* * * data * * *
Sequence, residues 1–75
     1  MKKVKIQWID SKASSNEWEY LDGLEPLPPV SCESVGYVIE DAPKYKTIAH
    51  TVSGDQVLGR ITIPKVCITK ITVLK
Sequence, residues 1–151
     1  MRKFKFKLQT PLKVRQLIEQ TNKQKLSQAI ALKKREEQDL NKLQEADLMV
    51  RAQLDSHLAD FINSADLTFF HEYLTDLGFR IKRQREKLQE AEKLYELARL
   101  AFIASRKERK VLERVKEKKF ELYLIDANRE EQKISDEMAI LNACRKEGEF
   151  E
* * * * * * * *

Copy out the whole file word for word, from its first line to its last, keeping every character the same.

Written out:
Sequence, residues 1–75
     1  MKKVKIQWID SKASSNEWEY LDGLEPLPPV SCESVGYVIE DAPKYKTIAH
    51  TVSGDQVLGR ITIPKVCITK ITVLK
Sequence, residues 1–151
     1  MRKFKFKLQT PLKVRQLIEQ TNKQKLSQAI ALKKREEQDL NKLQEADLMV
    51  RAQLDSHLAD FINSADLTFF HEYLTDLGFR IKRQREKLQE AEKLYELARL
   101  AFIASRKERK VLERVKEKKF ELYLIDANRE EQKISDEMAI LNACRKEGEF
   151  E